Lesson 1- Being Remembered: Montreal to Hong Kong Pt.1

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There was no joy in my heart as we left Montreal for Hong Kong late Tuesday afternoon. Just a closed eyed fist clenching oblivion, like when I was a little girl on a roller coaster, and I couldn’t wait to get on the ride, and then once on, I just wanted to scary parts to be over.

When you are uprooting everything you know, love and understand to move across the world, you can’t really afford to think about it too much – you just do the next thing that is right under your foot, not even looking much past your toes.  My friend Jacques, while he was dying of cancer taught me about “doing the next right thing”. It’s a tactic I use in my head to keep myself from imploding emotionally.

So –  leave at night – get through the line ups – get on the plane – don’t look out the window cause I’ll cry – let the plane take off (what’s the alternative?) – up in the air…close your eyes.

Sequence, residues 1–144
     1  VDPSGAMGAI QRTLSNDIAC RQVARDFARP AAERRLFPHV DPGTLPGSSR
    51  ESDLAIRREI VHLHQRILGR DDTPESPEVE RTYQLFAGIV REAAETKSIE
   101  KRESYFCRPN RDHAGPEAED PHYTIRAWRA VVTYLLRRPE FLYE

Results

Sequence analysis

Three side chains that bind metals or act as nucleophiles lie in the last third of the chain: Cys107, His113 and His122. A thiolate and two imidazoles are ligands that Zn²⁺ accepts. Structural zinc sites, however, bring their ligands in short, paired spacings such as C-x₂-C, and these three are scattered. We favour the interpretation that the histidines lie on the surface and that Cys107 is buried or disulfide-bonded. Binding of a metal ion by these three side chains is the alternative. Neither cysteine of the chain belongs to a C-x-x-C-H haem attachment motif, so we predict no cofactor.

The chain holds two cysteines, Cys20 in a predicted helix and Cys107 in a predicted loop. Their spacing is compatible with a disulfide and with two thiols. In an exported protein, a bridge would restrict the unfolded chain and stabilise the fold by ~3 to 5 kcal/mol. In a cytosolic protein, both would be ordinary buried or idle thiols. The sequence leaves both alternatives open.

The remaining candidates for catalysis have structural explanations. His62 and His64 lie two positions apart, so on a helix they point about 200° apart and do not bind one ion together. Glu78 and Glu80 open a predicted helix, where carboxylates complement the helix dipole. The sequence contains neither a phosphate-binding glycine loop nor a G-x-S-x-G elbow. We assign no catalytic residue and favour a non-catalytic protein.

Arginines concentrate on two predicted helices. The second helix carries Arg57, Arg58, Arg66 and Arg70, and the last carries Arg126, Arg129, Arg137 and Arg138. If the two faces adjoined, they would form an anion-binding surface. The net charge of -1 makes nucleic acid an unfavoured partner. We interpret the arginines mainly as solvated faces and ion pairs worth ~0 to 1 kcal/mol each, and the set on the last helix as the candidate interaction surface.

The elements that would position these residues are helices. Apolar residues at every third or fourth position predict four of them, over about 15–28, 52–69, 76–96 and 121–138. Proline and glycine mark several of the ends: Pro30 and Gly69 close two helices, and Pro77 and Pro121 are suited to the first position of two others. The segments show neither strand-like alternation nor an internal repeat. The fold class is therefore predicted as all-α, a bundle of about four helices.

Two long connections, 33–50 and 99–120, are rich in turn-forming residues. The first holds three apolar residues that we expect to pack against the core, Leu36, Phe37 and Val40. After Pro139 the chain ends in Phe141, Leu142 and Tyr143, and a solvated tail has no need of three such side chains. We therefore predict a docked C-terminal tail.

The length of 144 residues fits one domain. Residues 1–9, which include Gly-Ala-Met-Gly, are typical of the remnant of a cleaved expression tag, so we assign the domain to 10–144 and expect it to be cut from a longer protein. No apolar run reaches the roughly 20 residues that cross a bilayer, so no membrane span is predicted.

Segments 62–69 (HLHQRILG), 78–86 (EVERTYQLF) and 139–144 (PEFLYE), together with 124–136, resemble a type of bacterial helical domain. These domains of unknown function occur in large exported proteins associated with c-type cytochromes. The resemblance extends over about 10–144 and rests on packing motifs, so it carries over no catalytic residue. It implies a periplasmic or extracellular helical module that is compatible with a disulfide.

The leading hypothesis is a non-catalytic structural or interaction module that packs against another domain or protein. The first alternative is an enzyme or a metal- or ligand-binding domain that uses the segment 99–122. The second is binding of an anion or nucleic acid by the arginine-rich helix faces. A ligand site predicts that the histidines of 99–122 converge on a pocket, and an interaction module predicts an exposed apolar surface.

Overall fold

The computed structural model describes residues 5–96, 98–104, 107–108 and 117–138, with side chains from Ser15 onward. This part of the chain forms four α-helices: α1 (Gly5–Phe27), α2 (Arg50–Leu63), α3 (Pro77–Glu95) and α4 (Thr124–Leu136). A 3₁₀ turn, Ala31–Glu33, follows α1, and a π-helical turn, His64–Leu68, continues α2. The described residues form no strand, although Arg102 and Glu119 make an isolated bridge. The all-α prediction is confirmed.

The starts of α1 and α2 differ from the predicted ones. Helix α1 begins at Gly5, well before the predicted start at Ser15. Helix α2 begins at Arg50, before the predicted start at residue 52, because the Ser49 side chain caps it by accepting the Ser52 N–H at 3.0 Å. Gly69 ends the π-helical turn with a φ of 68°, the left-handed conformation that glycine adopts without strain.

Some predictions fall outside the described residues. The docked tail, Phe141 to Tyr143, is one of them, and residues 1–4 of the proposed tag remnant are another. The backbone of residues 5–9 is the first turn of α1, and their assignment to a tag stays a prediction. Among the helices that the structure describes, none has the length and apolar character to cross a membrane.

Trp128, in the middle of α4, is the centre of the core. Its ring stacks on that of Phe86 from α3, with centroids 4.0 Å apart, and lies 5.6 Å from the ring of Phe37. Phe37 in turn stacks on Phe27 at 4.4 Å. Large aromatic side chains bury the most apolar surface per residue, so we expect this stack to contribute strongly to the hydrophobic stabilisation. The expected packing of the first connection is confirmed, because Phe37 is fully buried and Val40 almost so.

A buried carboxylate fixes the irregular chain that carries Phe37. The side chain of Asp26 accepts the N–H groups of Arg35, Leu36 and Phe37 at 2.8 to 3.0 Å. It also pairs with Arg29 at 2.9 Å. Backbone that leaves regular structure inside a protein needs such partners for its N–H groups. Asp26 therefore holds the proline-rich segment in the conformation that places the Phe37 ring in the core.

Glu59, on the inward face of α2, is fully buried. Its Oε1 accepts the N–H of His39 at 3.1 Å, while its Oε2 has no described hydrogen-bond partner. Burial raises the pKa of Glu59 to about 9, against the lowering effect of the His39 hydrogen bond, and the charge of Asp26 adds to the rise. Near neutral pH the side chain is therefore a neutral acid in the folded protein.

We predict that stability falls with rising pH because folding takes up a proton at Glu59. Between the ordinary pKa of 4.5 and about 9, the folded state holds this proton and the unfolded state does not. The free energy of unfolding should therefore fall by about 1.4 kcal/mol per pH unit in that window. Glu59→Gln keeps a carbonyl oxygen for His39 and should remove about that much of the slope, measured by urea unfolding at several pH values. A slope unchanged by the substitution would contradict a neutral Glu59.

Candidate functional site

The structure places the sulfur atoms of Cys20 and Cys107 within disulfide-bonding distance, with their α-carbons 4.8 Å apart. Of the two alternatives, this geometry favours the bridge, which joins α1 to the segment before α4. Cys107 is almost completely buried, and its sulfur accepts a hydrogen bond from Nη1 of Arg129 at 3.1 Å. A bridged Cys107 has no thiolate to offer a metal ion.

Its a one hour flight from Montreal to Toronto, then 15 from our connection to Hong Kong. Ouch.

Arriving in Toronto at 11:30 in a sleepy airport with only a few hundred Asian travellers, closed stores and dark hallways was a part of airport life I had not yet seen. Like a city tucked in for the night – I felt like a trespasser.

At the time I thought that the terminal for Cathay Airlines flight to Hong Kong had more Asian people in one single space than I had seen – in a long time.  Everything about Asian cultures to me seems crowded.   I had already been to China, the first year they opened to tourists…it was a very different place then.  I was very young, maybe 15, and my father was the only parent who joined us on a high-school field trip. It’s one of my favourite memories with him, because he was the only parent who came and we had such a terrific time together.   My school mates in the private international boarding school I attended were mostly from all over the world, didn’t get to see their parents very much so my dad was “the cool dad”. He would arrive at school with a trunk full of groceries and delicious things for all of us, he took us out for dinners and “real food” (not mystery meat form the cafeteria)  He attended my soccer games, called, wrote me letters, an for my 16th birthday rented two school busses and surprised me by secretly bussing half my school to another town for a party in a beautiful hotel restaurant. I think I was abit the envy of the other kids, but he loved all of us, and they felt it.